Authentic communication and understanding are critical to team effectiveness. This is the first of a series of posts on this topic. I hope you’ll adapt and integrate the ones you like into your own team culture.
The single biggest problem in communication is the illusion that it has taken place. –George Bernard Shaw
Last weekend, team effectiveness, development, marketing and agile professionals converged at PlayCamp. I was reminded me of a valuable scrum exercise I learned from Matt Smith called “I don’t see it, help me see it.”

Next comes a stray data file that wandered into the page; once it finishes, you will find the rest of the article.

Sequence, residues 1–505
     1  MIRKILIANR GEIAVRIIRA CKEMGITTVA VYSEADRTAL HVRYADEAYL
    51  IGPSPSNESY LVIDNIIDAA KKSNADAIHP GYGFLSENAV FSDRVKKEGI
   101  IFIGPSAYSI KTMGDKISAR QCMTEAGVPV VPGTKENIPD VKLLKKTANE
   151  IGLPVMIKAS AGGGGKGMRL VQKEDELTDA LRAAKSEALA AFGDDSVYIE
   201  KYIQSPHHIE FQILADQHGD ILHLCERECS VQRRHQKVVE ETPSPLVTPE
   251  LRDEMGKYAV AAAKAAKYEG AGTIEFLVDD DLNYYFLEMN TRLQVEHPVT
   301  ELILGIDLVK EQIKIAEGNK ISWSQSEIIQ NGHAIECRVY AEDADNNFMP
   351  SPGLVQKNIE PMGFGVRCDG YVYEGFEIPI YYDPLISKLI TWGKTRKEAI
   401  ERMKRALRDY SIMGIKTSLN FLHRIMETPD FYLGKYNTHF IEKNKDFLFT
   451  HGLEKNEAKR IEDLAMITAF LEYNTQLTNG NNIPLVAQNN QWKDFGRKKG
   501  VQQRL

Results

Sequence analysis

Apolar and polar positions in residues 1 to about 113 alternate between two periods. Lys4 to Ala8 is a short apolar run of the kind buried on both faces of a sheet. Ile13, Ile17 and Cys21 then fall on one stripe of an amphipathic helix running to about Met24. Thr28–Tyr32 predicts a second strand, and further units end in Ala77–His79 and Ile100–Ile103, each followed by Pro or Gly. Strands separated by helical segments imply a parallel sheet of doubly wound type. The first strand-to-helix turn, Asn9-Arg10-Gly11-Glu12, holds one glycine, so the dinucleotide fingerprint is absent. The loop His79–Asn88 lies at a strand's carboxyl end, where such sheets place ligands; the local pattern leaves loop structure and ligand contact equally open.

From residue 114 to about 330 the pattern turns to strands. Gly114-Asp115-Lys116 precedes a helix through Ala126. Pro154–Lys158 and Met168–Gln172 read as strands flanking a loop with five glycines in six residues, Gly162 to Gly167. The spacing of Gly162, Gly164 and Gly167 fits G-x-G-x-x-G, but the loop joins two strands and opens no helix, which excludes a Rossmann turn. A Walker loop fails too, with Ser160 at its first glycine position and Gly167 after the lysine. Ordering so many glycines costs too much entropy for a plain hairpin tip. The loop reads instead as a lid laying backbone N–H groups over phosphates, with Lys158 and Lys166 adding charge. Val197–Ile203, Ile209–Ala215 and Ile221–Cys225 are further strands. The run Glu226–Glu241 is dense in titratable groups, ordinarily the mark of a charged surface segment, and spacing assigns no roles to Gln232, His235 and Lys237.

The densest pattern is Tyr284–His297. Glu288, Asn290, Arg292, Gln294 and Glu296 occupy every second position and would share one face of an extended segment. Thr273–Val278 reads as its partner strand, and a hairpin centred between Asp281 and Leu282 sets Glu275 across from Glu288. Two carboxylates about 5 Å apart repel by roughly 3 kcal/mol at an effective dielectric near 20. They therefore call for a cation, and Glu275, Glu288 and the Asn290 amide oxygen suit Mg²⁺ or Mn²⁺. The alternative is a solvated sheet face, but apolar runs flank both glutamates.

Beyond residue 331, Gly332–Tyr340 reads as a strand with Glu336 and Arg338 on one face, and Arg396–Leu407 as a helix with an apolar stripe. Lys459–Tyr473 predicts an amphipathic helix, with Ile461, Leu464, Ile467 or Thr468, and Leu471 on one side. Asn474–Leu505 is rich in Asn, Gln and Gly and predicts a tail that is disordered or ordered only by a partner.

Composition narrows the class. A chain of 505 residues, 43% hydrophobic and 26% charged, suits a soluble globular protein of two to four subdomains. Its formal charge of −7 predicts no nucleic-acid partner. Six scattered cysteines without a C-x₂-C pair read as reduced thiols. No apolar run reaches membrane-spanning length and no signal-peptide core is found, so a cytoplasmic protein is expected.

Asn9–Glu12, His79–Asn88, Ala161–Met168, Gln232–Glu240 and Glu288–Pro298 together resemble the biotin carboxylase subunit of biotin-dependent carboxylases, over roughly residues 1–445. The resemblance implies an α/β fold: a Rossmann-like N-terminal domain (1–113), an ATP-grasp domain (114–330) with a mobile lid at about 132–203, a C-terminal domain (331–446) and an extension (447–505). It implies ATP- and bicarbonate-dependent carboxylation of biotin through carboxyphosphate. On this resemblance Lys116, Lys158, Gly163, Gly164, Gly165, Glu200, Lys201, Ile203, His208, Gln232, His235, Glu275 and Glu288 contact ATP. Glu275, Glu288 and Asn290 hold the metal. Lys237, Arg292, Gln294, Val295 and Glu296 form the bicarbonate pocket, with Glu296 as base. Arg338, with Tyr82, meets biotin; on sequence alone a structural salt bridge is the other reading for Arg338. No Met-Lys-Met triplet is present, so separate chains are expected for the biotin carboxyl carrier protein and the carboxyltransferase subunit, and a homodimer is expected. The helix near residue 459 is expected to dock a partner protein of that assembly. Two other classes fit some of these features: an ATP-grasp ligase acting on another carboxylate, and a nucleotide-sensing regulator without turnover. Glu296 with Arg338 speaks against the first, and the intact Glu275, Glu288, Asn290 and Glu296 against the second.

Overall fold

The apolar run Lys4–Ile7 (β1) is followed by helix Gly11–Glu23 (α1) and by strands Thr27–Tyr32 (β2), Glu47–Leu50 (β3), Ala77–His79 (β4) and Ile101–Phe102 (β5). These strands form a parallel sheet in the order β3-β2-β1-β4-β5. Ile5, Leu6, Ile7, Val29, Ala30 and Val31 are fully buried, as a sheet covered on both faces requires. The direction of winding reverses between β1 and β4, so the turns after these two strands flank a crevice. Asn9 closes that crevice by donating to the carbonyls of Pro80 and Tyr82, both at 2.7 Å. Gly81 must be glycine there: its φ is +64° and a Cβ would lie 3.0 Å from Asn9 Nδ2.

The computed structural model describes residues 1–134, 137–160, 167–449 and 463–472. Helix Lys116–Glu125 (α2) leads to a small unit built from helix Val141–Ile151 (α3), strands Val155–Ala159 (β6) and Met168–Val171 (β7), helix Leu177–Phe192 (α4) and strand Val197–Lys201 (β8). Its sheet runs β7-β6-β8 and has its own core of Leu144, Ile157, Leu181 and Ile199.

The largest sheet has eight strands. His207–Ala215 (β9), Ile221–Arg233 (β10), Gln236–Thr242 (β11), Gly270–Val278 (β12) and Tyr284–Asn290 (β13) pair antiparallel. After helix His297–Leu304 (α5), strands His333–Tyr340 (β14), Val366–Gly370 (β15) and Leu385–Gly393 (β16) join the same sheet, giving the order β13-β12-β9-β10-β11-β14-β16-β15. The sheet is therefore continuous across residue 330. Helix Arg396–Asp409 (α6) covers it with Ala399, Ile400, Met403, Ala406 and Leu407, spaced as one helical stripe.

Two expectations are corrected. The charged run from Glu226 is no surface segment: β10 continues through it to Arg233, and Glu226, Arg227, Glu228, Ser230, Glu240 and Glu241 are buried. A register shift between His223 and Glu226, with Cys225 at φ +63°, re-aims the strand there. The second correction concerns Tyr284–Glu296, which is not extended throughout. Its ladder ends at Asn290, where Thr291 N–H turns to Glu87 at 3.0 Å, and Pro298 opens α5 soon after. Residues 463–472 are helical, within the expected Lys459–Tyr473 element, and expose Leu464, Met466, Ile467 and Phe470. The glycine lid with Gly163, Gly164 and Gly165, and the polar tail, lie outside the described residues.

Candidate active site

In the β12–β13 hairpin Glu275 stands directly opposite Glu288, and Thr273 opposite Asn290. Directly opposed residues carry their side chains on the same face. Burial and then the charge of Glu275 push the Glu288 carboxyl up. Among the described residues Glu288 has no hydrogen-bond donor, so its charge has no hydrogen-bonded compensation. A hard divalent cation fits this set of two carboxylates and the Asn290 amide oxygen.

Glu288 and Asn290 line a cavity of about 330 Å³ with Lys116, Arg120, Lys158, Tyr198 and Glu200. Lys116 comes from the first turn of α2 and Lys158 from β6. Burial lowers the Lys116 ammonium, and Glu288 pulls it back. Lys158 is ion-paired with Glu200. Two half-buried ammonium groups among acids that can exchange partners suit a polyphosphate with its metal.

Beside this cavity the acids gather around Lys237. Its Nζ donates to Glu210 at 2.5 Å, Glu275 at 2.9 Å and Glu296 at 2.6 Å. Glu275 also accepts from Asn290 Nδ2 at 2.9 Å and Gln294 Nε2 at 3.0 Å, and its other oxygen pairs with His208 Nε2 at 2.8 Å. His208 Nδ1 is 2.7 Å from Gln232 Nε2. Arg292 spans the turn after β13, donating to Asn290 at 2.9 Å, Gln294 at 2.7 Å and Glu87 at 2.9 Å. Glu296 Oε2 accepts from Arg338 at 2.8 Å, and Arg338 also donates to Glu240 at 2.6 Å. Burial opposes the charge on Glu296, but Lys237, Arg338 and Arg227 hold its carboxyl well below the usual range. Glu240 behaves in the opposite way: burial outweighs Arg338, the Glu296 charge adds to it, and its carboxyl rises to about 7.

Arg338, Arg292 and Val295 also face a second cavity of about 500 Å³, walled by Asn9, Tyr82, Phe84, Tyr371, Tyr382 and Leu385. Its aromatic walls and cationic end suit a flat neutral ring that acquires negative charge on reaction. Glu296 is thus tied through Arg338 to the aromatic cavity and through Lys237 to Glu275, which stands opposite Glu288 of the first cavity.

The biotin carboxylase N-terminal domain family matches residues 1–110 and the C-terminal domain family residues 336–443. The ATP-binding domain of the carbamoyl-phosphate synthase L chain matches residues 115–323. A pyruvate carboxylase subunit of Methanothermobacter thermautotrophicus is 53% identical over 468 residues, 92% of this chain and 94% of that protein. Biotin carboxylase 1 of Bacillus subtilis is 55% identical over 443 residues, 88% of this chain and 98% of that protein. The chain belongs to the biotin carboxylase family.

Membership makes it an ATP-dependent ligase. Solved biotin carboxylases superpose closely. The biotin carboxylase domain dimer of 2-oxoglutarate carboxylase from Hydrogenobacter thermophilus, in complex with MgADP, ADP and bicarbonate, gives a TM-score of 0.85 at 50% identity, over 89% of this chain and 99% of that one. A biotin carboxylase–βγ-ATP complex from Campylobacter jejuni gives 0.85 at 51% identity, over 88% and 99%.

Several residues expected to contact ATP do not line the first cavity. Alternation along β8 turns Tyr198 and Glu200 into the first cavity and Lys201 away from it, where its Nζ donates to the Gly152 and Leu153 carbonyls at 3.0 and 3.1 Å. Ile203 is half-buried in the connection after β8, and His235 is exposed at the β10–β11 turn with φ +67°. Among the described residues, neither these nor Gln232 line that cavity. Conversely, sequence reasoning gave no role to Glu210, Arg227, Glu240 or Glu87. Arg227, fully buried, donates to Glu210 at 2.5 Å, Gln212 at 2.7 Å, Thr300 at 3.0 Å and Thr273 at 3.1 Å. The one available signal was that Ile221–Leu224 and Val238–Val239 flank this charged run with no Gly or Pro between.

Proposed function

It can be used in an Agile context to clarify user stories, but I also think it makes a nifty habit for teams to ensure everyone is on the same page.
How It Works
When someone says “I don’t see it, help me see it” this serves as a signal that whatever was just said is unclear to one or more team members.
Mike: [Mike communicates something important to the team he leads or is a member of (v 1.0)]
Alan: “I don’t see it, help me see it”
Mike: [Mike tries again, using different words (v 2.0)]
Alan: “I still don’t see it, help me see it”
Sue: [Communicates it yet a different way using her own words, and/or a visual (v 3.0)]
If Alan understands, he’ll tell Sue and Mike he gets it. If not, other members of the team will jump in to clarify. The ensuing discussion ensures all team members are on the same page.